Friday, June 11, 2010
I came across this article in the Post (I love skimming the Post, it's an unhealthy addiction) which debated whether or not new technologies are helping students (and teachers) in the classroom. To hopefully no one's surprise, the answer isn't yes (but it isn't necessarily no, either).
Now, I'll be the first to admit that I have thought before that money could solve a lot of problems. Probably earlier this week, I was fiddling with the idea of having the government find out exactly how much every individual needed to start "fresh", add that up and print that exactly amount of money for distributing. And then, there. No more complaints from you poor handlers of cash. Apparently, you can't just print more money on a whim because that will lead to inflation or something like that. I'm not going to pretend like I understand how economics works to any degree (but everyone will have money to afford the inflated prices!), but... I'm just saying, do it for just one day, you know? Someone who does understand economics can explain this to me. For the time being, I'll just call this genius idea The Universal Bailout. Mr. President, I would like $5,000 to be printed, thank you. (Or better yet, a job, because training to teach without pay in the summer is making me really sad.)
Okay, back to the article - I must be really behind because I wasn't aware that SMART/Promethean boards are also called whiteboards. They should come up with a new name because whiteboards sound like the low-tech alternative to blackboards, which I love because chalk is messy and the squeaking makes me cringe. They're saying that by 2011 (i.e. next year), 1 in 3 classrooms will have them. I've slowly started to see them pop up in schools in Maryland. I've never used one and I'm not positive on all that the boards can do, they just look like a projector screen with a projector attached on top. But, apparently, teachers think they're amazing. They can show and save powerpoints, they're interactive and (I think) you can write on them. And some other stuff to which I'm not aware.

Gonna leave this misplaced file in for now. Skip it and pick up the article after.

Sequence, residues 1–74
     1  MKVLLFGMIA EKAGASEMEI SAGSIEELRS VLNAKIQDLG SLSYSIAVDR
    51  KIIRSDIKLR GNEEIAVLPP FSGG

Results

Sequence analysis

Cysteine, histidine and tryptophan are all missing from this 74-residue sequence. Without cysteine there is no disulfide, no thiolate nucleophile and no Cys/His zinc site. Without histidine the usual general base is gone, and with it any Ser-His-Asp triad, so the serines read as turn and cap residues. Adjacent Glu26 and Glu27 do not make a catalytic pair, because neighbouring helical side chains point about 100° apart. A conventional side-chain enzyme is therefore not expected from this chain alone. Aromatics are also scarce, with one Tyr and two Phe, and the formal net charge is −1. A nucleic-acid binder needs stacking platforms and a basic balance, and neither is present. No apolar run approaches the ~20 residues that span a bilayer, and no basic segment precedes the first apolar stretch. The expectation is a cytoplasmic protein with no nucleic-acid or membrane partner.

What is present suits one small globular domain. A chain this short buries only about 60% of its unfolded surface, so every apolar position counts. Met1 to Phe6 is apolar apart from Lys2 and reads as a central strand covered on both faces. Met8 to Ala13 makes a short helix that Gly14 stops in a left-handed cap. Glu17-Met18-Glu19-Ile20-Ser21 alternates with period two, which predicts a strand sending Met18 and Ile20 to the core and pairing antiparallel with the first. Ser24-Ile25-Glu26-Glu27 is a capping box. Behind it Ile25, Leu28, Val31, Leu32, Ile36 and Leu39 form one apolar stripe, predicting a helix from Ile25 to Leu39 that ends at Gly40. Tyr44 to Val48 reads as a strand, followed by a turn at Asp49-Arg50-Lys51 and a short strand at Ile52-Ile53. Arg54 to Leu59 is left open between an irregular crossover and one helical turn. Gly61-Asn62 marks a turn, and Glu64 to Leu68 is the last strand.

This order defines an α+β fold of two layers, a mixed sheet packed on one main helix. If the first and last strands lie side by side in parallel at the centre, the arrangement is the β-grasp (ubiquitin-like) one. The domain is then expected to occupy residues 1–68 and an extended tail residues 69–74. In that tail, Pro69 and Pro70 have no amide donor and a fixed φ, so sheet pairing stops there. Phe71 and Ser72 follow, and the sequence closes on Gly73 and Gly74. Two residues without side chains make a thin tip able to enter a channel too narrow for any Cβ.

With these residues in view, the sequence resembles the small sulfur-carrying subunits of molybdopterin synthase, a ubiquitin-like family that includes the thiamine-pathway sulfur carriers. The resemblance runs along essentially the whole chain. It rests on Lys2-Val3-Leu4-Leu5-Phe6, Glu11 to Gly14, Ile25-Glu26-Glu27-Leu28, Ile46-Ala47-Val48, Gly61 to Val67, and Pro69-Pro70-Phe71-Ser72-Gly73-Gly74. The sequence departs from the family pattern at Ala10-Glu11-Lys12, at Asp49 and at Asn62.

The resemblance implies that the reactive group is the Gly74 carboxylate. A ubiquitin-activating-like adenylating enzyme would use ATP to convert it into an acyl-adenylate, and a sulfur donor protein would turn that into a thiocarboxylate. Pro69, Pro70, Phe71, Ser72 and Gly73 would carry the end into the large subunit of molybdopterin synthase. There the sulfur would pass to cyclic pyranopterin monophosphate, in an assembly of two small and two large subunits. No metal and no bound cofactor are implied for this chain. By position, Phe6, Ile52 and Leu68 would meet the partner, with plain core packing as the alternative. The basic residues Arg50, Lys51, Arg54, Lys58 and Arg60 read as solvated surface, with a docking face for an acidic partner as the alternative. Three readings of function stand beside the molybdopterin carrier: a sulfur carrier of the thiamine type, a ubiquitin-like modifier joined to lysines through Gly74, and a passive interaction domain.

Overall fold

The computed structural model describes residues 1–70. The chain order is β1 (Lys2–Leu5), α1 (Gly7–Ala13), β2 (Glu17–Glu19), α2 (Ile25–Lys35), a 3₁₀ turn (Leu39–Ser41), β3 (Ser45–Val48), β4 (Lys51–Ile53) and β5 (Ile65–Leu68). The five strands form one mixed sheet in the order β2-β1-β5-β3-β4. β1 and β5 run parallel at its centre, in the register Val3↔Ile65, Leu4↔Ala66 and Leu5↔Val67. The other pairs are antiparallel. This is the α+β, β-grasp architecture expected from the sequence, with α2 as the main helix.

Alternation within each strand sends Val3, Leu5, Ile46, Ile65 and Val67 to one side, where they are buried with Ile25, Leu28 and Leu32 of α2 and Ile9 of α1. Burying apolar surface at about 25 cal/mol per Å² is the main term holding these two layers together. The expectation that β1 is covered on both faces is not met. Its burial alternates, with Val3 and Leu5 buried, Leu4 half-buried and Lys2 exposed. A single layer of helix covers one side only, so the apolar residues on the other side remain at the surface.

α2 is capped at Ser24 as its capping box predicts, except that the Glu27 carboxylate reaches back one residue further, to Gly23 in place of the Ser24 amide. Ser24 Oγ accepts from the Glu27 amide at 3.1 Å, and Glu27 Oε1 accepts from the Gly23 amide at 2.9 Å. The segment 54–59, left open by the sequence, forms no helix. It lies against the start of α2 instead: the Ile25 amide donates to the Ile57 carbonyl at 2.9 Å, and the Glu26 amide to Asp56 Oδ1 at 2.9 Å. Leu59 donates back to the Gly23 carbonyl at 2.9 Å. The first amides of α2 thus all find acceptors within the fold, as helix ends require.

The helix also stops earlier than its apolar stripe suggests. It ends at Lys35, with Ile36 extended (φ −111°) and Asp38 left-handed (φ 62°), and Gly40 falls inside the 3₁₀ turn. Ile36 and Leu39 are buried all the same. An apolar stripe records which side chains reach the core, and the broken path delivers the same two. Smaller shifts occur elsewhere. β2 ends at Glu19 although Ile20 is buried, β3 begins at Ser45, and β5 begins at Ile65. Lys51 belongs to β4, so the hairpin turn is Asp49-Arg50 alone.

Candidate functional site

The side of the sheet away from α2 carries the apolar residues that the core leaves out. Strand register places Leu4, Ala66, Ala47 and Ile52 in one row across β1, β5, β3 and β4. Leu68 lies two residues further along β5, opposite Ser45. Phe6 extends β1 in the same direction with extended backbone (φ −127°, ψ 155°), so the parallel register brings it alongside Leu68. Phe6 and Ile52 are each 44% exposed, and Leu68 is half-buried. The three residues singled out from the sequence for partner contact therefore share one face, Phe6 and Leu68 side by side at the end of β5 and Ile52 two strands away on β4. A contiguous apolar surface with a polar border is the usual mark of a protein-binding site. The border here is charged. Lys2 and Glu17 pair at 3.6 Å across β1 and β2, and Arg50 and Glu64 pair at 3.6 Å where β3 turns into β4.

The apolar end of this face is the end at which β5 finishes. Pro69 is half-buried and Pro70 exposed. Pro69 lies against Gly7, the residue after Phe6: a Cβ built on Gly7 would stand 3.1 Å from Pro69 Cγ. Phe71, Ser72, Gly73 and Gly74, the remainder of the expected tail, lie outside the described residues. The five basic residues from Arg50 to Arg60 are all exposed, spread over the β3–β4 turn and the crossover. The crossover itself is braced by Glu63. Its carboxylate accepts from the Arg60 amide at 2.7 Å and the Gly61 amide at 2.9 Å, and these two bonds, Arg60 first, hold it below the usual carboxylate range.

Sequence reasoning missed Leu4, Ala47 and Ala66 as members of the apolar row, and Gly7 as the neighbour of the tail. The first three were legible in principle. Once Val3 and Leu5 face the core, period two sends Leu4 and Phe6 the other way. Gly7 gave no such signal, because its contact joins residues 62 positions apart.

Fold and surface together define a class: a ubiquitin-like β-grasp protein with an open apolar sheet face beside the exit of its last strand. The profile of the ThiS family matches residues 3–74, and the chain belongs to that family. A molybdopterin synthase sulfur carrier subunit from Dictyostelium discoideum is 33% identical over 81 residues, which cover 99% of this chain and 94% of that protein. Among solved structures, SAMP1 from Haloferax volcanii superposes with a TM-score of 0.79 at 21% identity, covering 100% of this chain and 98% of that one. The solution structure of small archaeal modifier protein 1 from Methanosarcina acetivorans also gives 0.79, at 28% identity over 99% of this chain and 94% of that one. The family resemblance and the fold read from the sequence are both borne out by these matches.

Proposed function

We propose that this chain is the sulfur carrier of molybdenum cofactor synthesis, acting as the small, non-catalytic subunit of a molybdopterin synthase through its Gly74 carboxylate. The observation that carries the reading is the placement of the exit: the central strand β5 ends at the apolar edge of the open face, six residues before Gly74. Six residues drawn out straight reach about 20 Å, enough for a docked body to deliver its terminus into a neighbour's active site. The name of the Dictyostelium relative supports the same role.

And, they cost $3,000 each. Admittedly, they do look pretty cool. But, for me, when I get a new gadget, I tend to try to do everything that involves it. It seems like it's the same way for other teachers, because the Post suggests that these boards make teachers more prone to lecturing and less prone to small group or hands-on activities. But wait! SMART boards allow you to have the student come up and move items around! I'm not sure I understand, white/blackboards could do that too, just with magnets. Looking on the positive side, SMART boards might be more environmentally friendly, and yes, students appreciate new technologies, too. But if the SMART board is a new technology in presenting the same old information your students already aren't that compelled to learn, then use the $3,000 on something more worthwhile.
Don't get me wrong. I love new and shiny things. I am for keeping our classrooms up to date with the technologies available. Maybe I don't yet understand how these new technologies make lesson preparation easier for teachers so they can spend more time on content and delivery. But in no way do I think purchasing these products, when there are so many other problems going on in a school/district, is the solution. Perhaps that $3,000 could be use for more teacher training. Please, there are so many teachers that I've seen that could use more teacher training. Or, for new hires of teachers to replace the ones that can't improve with further training. And after all that, then you can bring in the SMART boards. $3,000 can't solve the problem of our education but it can help to address the real question:
What our do students REALLY need to learn?
A safe environment. I've heard that some students in dilapidated school settings feel like they don't matter. $3,000 can buy some paint and fix-up tools.
Interactive, "natural learning" materials. When I say this, I'm thinking of science and how science is learned by scientists - not from a book (though they do read research journals), but from doing. Science experiments require sometimes expensive materials.
A good teacher. And you can always get better with more experience and more learning. Teachers should keep being students.
Support. Pump some of that $3,000 into PTSA programs to make them more effective in garnering the whole school community together?
There's probably more, but I'm ending this post here. MATH PRAXIS TOMORROW! (--- more on that later.) And clearly, I'm not expert, I'm just speaking as someone who thinks there's more that we can do to help our schools than buying stuff. Gadgets are only as good as the people using them.
Monday, June 7, 2010
On Saturday, I will be taking my Math Praxis, with my last Math Praxis prep class on Thursday.
Last Monday, I began my Special Education Online Course with PGCC. It will run until the end of July.
In three weeks, I will begin Summer Institute. It will run until the beginning of August.
I was imagining that I would have more down time prior to the beginning of Institute. Not happening. I also need to find a weekend job so I can survive through the summer and to the beginning of my first paycheck. I also need a new apartment after my lease expires next month. Busy, busy.
Teachers, I respect you.